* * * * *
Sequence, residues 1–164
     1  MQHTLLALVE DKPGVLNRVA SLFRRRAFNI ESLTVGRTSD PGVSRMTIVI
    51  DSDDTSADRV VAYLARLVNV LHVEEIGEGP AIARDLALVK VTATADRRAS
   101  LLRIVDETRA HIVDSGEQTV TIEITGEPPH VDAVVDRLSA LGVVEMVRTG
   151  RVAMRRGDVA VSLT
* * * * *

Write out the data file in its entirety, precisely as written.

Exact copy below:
Sequence, residues 1–164
     1  MQHTLLALVE DKPGVLNRVA SLFRRRAFNI ESLTVGRTSD PGVSRMTIVI
    51  DSDDTSADRV VAYLARLVNV LHVEEIGEGP AIARDLALVK VTATADRRAS
   101  LLRIVDETRA HIVDSGEQTV TIEITGEPPH VDAVVDRLSA LGVVEMVRTG
   151  RVAMRRGDVA VSLT